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Vivian Saliba Learned Poker Under-Age in Sao Paulo Card Club

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When Vivian Saliba was 17 years old her dad first took her to a card club in Sao Paulo.

Seven years later, she's snagged her first WSOP Main Event cash.

At 24 years old Saliba was the youngest female to enter this year's Main Event. She finished 421st out of 7,221 players at poker's world championship event in Las Vegas, earning $27,743.

She's been playing poker professionally for the last two years but this was her first time competing in the WSOP Main Event.

"Playing the Main Event is a dream," Saliba told PokerListings.com.

She's come a long way from the 17-year-old who first tried poker with her dad in a card club in Brazil. Saliba said her dad used to play every weekend and one day, when she was upset over breaking up with a boyfriend, he took her along.

“I fell in love with the social aspects of poker and I actually cashed in my first tournament,” she said. “I didn't know what I was doing at all but I made so many friends and started going every weekend with my dad.”

From Social Poker to Going Pro

Five years later, after playing a lot of poker and working in the industry, Saliba turned pro and began focusing on PLO cash games. She says because she's so used to Pot-Limit Omaha, adapting to No-Limit Hold'em in the Main Event was a challenge.

Saliba has played poker professionally for two years.

"I made so many mistakes on Day 1 but I was able to make up for it on the other days,” said Saliba.

“I was really pissed after I bagged Day 1. Even though I was happy to make it through the day, I was so frustrated with my performance.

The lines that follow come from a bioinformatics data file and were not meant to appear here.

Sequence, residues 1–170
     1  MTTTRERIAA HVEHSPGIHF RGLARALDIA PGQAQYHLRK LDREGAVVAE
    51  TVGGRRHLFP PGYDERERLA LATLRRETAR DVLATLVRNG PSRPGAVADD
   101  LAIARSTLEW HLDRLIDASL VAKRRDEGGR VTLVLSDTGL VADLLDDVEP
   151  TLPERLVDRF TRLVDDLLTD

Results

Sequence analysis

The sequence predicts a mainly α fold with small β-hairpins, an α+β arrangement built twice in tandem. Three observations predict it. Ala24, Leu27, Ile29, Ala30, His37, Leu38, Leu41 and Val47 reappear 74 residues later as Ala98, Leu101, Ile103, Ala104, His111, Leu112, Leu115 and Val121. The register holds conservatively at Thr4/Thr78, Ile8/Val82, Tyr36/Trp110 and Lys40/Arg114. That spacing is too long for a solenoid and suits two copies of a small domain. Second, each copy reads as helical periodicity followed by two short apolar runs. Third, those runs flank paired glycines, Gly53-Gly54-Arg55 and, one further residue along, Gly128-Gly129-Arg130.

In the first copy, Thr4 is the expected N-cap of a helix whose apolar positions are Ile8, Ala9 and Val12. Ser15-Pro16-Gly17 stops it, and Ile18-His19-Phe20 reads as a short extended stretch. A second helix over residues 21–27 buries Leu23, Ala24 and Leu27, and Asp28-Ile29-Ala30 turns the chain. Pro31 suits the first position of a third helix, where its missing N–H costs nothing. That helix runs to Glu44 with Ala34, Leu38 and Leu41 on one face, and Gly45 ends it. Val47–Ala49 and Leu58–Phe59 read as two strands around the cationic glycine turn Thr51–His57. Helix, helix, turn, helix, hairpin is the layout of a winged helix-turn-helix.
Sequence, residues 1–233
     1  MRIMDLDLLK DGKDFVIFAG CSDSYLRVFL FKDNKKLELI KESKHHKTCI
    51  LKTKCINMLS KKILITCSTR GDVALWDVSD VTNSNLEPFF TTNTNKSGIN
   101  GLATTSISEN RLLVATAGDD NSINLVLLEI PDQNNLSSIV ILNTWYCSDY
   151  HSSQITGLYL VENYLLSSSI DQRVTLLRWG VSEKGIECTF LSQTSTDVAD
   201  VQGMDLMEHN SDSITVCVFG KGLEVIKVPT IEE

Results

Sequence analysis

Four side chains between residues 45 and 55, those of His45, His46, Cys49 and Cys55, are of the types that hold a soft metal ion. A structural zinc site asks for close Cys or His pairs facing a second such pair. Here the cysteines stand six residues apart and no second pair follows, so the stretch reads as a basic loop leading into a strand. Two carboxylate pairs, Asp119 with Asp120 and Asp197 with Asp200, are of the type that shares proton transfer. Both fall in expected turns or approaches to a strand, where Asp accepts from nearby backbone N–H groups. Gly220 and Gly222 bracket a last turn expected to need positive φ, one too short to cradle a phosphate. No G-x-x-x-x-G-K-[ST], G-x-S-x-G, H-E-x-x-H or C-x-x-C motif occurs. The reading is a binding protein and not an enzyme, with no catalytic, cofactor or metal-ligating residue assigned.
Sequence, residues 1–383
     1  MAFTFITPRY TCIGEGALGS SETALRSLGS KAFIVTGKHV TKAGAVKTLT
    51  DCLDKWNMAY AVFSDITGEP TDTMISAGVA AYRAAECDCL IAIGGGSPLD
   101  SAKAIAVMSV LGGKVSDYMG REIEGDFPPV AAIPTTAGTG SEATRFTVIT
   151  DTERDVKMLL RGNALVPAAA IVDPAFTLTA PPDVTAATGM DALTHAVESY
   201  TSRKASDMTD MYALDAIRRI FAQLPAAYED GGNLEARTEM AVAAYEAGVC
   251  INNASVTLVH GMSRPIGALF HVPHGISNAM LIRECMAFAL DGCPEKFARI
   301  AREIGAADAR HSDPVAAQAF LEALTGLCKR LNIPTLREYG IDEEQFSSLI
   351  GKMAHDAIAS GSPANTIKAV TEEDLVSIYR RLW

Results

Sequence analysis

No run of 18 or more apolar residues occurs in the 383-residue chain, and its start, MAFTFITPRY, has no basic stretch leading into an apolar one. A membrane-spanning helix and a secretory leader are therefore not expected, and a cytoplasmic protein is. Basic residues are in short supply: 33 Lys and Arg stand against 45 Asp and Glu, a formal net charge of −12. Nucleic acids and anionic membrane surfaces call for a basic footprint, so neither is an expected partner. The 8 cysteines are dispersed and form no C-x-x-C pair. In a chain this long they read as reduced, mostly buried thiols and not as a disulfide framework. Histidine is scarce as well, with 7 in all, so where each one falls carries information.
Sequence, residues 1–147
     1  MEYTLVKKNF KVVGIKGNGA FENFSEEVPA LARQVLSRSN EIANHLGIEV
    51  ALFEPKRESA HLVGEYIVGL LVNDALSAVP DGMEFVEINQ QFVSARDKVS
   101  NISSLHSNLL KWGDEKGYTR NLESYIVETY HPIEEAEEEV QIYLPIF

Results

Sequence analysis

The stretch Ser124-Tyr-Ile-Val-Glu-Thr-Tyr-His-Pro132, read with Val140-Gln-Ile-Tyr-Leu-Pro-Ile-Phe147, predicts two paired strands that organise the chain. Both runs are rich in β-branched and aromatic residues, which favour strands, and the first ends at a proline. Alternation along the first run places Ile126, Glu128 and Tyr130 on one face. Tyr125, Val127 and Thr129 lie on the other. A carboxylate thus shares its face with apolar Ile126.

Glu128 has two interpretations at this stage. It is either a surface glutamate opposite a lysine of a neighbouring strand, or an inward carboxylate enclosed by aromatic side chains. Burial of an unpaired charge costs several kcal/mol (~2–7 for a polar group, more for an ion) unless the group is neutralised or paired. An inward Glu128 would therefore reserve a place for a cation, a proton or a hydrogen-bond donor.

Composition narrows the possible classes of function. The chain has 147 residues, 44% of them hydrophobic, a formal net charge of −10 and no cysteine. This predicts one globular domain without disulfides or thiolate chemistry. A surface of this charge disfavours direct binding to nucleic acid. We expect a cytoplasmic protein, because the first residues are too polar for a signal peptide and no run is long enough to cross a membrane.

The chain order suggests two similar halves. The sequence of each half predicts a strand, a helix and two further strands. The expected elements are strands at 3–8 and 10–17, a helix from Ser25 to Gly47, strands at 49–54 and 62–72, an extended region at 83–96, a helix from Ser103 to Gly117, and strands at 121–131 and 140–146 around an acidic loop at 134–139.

"I've been playing so much PLO and it's really different compared to No-Limit.

“Basically I wasn't expecting such a weak field. I thought the players would be better. So the things I was doing really didn't work well on these kinds of players. I was just burning chips.”

Saliba came back from Day 1 and turned things around, making it all the way to Day 4 before being eliminated. She says the deep Main Event structure had a lot to do with it.

"I'm pretty proud of how I played starting Day 2,” she said. “I didn't make the same mistakes I made on Day 1.

"I've been playing pretty solid and most of the decisions I've made have been right. I'm just happy I've been playing well and running well.

“The structure's so good that even when you make mistakes and lose chips, you have the chance to come back.”

Poker in Brazil Exploding

Saliba says poker's popularity in Brazil is going through the roof, despite some challenges with playing live.

Saliba is on the inside of Brazil's poker boom.

“In Brazil we don't have casinos but we do have poker clubs,” she said.

“But it's a big problem because the clubs charge rake as if poker was a casino game. It's five per cent no cap for PLO, Hold'em. The rake is basically unbeatable.

“I was able to win a little bit but I felt like I was being robbed by the rake so I decided not to play those games anymore.

Saliba says playing cash games here in Las Vegas is far more profitable, simply because of the much lower rake.

Despite live cash games being tough in Brazil, poker is growing in a big way online and in live tournaments.

Online poker is even bigger than the live games in Brazil,” said Saliba. And we also have some really good tournaments like the BSOP. The structure is good and the fields are big so that's kind of the live scene in Brazil.”

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